FLEET FIRE by L.J. Davis


Thomas Edison and the Pioneers of the Electric Revolution
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Q: Why did Ben Franklin fly a kite? A: Because he was ticked off at the scientific establishment.

So writes seasoned offbeat-tales-from-history writer Davis (The Billionaire Shell Game, 1998, etc.) in this anecdotally rich, eminently entertaining tale of how fluorescent bulbs, boom boxes, and other fruits of electricity came into being. Davis brings a light touch to the story without dumbing it down. He notes, for instance, that Franklin was indeed more than a little annoyed that the learned societies of London had failed for years to respond to his voluminous theories on electricity (lightning and electricity, he observed, were likely one and the same thing, for the observable qualities of each were alike in such matters as “rending bodies it passes through” and “destroying animals”), so much so that he determined to do something truly memorable to demonstrate that he knew whereof he spoke. Franklin was one of many experimenters and natural philosophers at work divining the mysteries of electricity during the appropriately named Enlightenment, and Davis pays homage to them and their successors, from Humphry Davy, “the prototype of the new nineteenth century’s emblematic figure, the lone inventor,” to Thomas Alva Edison, who, in Davis’s account, emerges as something just this side of loony. “In addition to the Old Man,” he writes, Edison’s underlings “also called him the Beast,” and for good reason: he was addicted to chewing tobacco and pie, reckoning that Americans were superior to the English and the rest of the world for their devotion to the latter; he was suspicious of Jews and fond of “coon jokes”; he lost huge fortunes creating weird contraptions; and he believed that automobiles and home radios were passing fancies. Still, Davis notes, Edison was a master of vertical integration, and his development of not just parts of the grid but the entire system made the “Electric Revolution” a part of everyday life.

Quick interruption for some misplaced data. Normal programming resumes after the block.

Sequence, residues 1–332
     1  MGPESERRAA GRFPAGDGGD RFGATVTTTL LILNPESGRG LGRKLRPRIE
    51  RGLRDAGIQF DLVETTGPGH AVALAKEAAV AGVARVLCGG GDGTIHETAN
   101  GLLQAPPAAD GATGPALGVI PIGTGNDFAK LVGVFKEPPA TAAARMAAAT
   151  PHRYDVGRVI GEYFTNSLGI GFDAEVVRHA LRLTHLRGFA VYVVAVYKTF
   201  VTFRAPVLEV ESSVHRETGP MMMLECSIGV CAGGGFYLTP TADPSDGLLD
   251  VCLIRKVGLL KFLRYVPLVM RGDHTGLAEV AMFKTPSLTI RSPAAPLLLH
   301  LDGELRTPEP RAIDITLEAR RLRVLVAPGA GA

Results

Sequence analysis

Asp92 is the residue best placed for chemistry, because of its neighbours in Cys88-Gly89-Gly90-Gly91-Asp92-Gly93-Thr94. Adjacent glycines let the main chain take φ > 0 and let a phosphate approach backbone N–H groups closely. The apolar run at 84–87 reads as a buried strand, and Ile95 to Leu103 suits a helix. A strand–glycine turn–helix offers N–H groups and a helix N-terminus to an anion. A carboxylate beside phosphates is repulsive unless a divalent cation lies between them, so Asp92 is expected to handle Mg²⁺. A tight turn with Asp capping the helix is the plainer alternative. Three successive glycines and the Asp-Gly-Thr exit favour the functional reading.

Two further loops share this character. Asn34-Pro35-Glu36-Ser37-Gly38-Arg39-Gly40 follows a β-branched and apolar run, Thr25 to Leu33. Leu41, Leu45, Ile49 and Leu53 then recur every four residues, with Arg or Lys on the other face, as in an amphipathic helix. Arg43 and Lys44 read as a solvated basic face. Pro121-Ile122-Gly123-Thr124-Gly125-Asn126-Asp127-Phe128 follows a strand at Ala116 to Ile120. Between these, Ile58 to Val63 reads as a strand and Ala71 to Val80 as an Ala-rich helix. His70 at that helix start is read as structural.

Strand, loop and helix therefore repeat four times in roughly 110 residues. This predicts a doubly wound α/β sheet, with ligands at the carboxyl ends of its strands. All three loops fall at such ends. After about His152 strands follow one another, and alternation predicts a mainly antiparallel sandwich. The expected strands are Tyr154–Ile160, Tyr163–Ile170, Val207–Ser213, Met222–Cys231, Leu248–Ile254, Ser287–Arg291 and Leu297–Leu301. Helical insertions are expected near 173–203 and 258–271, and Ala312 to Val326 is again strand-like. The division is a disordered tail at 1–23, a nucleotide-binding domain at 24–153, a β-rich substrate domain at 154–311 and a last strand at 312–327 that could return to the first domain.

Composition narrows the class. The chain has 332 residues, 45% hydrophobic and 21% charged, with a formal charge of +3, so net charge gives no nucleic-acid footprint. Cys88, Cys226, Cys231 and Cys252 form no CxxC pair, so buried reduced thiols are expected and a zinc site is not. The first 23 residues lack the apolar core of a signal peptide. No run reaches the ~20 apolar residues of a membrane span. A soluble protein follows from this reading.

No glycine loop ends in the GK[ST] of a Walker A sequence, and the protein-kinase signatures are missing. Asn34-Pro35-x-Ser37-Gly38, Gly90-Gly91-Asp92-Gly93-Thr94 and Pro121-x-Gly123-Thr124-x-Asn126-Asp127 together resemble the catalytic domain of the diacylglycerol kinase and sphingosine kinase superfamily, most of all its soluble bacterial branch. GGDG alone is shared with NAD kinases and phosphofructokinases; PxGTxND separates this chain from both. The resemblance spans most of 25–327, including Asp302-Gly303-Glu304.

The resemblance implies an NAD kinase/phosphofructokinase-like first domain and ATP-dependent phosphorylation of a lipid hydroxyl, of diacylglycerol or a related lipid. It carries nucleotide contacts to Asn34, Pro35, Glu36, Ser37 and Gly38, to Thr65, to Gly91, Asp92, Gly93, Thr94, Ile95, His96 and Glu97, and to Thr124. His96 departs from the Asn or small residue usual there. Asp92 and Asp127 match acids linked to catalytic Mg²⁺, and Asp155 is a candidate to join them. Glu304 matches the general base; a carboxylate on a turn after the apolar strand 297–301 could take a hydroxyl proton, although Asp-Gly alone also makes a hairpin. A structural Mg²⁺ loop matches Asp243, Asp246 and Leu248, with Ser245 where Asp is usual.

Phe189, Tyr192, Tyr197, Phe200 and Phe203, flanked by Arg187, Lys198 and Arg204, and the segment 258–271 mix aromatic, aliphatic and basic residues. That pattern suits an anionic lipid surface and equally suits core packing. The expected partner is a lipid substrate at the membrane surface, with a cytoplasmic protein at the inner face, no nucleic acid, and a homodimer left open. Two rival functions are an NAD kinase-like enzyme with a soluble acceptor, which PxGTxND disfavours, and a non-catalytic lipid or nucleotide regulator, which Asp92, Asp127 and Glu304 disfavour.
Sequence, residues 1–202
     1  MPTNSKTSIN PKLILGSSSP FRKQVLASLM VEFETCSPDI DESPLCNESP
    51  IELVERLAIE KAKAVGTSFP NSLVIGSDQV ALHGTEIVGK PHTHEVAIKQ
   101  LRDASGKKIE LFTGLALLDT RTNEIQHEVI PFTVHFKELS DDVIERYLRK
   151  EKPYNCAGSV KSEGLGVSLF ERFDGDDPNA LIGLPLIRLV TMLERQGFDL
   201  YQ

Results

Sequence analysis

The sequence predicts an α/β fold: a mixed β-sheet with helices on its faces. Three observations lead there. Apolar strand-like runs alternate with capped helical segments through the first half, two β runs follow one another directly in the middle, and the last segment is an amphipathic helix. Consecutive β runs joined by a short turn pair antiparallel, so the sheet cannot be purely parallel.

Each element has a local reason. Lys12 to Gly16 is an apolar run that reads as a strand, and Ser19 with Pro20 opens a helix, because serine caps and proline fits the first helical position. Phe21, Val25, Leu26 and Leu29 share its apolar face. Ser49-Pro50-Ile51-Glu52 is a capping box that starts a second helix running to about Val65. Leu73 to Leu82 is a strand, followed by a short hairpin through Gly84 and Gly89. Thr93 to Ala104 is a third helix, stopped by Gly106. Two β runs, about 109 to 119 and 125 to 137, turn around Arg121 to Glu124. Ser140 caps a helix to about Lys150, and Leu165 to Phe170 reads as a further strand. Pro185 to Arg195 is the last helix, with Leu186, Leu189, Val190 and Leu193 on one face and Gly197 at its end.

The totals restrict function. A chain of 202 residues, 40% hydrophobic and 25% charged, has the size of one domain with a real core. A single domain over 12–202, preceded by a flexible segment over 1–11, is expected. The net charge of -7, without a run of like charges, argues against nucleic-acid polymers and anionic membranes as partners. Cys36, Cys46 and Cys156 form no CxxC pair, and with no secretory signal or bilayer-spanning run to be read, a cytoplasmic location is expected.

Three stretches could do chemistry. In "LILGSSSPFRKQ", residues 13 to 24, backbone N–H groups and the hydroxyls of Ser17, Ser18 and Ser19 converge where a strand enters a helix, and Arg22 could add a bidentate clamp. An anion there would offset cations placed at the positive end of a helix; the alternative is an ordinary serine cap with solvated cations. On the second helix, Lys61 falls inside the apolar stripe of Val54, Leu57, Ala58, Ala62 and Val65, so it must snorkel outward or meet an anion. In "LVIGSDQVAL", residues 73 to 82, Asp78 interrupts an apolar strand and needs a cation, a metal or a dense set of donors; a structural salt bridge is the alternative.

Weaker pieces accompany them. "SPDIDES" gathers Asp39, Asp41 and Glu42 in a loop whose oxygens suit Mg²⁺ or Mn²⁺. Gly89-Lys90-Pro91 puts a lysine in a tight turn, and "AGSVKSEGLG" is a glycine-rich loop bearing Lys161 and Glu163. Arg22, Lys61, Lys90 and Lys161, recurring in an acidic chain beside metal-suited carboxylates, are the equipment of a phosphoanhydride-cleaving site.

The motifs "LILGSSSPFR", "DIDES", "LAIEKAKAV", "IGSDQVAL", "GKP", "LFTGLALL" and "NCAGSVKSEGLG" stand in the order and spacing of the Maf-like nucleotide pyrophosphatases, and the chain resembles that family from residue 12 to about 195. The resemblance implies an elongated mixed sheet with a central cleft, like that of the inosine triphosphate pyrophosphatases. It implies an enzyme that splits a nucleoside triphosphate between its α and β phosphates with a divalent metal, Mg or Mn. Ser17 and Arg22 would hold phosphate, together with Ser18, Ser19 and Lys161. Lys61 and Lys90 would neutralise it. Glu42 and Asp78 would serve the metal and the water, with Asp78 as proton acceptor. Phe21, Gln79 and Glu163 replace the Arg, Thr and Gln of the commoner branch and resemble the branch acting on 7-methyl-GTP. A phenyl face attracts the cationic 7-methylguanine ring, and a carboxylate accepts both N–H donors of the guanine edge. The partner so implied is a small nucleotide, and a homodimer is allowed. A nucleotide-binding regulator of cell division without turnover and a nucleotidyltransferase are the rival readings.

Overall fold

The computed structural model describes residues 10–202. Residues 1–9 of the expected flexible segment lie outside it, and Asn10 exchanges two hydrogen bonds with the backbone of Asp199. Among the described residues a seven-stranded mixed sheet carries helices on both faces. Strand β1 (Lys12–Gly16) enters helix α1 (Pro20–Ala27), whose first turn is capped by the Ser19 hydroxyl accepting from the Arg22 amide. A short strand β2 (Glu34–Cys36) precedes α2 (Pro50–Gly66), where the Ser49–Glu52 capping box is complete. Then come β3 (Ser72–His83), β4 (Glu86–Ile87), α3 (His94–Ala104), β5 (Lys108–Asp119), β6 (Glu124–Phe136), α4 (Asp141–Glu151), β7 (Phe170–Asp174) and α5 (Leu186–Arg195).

A pleasure for students of technological history—and for readers with a fondness for bizarre personality types.

Pub Date: June 1st, 2003
ISBN: 1-55970-655-4
Page count: 360pp
Publisher: Arcade
Review Posted Online:
Kirkus Reviews Issue: May 1st, 2003